Growth mindset, which is the belief that your abilities are not set in stone and can be improved, is arguably one of the most popular theories in education. The research on growth mindset interventions suggests that, in some situations, they can have a positive impact. So, in what conditions do growth mindset strategies help and are there any long-term benefits?
Can a one-off Growth Mindset intervention change behaviour?
Recent research looked at the influence of a single growth mindset intervention, delivered to teenage students, which comprised of three elements:
- A lesson – information was delivered to students, which explained the malleability of the brain, and that intelligence is not fixed and can be improved over time
- A comprehension check – students were given a work sheet to fill in that had six questions checking their understanding of the previous lesson
- A self-persuasion task – students were asked to write a letter to younger students explaining the malleability of the brain. They were also asked to recommend that the students work hard, and that when they encounter a problem with their school work they persevere and try to overcome it.
The researchers found that this growth mindset intervention had a positive impact on improving students’ beliefs about their intelligence and reduced performance avoidance behaviours (i.e. students were less likely to be concerned about looking dumb in front their classmates) with both of these positive outcomes being sustained across the whole year.
Practical ways to develop a Growth Mindset
Be stealthy – growth mindset interventions are much more effective if they are not presented to students as obvious interventions, as this can lead to feelings of deficiency as well as changing students’ behaviour as they are aware they are being observed. Less obvious interventions may involve activities such as the letter writing task, as above.
Teach multiple strategies – Recent research suggests that if a student is only taught one way of doing things and that particular strategy fails, then they may equate their inability to use this strategy with an inability in the whole subject. Therefore, teaching students multiple strategies means that they are more likely to persist, as they have another strategy available if the first one fails.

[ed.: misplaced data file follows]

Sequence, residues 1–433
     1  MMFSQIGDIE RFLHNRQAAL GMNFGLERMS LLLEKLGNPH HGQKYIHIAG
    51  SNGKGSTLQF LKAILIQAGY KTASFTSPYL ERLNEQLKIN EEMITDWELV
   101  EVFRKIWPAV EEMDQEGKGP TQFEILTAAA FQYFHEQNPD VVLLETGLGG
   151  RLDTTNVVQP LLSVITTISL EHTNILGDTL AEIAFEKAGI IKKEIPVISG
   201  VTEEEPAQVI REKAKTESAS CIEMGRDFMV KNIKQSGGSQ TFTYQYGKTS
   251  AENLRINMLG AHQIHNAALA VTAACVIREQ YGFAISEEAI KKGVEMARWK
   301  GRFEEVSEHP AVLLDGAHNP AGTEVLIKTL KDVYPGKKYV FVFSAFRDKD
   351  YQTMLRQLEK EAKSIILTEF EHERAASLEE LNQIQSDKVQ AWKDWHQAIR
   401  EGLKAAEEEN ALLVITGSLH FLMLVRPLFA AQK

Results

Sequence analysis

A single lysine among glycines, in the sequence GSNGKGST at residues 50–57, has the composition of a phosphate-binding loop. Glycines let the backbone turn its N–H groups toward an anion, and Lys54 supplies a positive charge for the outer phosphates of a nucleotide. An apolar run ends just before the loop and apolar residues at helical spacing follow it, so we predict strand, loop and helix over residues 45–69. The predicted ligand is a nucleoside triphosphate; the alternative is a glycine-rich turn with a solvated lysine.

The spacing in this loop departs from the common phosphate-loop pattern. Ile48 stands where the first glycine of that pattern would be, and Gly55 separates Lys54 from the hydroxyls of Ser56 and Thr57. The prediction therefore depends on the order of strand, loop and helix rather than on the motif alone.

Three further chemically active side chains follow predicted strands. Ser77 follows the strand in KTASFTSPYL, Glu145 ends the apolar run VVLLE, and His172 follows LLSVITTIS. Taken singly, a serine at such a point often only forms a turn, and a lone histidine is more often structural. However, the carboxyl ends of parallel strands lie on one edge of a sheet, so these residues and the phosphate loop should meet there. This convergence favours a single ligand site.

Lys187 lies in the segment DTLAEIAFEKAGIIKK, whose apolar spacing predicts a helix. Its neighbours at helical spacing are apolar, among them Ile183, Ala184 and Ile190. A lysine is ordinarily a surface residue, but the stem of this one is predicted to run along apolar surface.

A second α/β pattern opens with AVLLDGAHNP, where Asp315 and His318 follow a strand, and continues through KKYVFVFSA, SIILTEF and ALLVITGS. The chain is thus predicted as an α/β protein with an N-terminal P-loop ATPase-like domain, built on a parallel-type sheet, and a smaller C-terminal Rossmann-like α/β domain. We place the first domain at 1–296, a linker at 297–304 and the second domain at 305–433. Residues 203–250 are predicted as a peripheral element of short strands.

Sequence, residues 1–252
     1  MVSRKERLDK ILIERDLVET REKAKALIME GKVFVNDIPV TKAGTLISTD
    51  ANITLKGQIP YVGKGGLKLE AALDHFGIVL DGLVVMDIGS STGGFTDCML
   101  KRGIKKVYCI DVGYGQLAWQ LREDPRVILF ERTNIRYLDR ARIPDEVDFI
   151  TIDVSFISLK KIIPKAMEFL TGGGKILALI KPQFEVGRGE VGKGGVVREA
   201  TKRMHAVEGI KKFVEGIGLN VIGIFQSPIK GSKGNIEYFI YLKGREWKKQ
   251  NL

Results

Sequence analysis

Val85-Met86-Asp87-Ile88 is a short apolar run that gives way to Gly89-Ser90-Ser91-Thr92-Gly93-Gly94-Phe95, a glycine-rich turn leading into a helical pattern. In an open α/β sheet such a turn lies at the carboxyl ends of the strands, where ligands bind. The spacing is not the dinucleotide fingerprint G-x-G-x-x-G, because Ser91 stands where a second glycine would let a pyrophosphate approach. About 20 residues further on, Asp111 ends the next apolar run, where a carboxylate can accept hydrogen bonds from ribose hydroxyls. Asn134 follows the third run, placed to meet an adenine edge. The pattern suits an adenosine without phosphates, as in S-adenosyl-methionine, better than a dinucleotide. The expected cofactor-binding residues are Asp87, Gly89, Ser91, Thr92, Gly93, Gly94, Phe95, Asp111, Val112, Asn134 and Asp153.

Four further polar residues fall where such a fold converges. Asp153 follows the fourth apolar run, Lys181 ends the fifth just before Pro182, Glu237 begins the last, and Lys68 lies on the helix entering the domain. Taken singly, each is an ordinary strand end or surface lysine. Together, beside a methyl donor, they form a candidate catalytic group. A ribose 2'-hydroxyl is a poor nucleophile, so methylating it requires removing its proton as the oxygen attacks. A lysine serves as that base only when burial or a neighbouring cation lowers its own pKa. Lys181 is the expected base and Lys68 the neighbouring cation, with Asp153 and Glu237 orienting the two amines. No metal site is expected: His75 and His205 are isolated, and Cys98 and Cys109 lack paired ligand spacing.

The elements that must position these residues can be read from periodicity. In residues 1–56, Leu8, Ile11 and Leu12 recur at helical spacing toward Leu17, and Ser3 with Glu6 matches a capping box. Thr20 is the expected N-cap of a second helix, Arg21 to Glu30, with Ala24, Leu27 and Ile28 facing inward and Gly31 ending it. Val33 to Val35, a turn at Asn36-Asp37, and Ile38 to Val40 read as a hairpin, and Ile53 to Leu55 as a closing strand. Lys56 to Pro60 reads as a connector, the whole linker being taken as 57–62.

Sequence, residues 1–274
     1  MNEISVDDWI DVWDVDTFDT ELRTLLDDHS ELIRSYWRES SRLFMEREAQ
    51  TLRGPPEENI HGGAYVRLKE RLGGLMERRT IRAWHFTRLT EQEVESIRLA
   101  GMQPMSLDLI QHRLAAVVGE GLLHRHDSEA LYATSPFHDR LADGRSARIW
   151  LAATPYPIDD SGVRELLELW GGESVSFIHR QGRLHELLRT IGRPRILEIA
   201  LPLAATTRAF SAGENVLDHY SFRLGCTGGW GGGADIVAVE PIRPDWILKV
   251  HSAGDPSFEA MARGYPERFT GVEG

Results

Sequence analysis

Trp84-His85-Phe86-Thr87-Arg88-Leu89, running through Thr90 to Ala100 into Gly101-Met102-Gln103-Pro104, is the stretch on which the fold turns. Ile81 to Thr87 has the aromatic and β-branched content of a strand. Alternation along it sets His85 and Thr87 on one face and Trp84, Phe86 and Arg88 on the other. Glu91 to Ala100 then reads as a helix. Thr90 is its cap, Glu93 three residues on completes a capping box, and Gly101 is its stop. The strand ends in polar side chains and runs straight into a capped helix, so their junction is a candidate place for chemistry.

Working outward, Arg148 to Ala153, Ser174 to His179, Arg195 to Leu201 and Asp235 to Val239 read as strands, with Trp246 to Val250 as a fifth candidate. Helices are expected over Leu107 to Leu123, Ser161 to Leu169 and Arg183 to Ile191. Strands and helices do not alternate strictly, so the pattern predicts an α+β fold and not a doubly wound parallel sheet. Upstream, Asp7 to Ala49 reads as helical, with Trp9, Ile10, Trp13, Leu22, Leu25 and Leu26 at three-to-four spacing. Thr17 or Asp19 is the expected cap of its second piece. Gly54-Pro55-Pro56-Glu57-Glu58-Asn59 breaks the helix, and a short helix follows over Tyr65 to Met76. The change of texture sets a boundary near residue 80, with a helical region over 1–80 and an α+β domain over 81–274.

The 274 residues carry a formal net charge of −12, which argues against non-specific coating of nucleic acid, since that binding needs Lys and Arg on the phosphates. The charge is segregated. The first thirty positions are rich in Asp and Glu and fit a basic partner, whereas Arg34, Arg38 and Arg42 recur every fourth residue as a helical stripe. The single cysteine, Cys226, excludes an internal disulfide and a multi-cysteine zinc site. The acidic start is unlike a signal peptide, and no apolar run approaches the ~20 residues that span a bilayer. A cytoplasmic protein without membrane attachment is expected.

Set high standards – There is a wealth of research that suggests that if teachers have high but realistic expectations for their students, then they will increase their effort levels. This is known as the Pygmalion Effect. No-one rises to low expectations. If we set high standards and maintain them consistently, students will follow suit.
Practice What We Preach – Research has found that the mindset of a teacher can have an impact on the motivation of their students. In this study, teachers who had a fixed mindset were more likely to focus on comfort strategies towards students after a setback (i.e. “don’t worry, we can’t all be good at maths”), which can demotivate students and foster the belief that their performance will not improve on the next exam. On the other hand, teachers who had a growth mindset were more likely to offer strategies for improvement, which increased student motivation and installed a belief that they could improve.
Helping our students develop their mindset, motivation and resilience can really help them during their time at school (and beyond). However, designing strategies and interventions to do this is notoriously tricky. By ensuring interventions are not too obvious, setting high standards and teaching students multiple strategies to achieve outcomes, it is possible for teachers to help their students develop a growth mindset.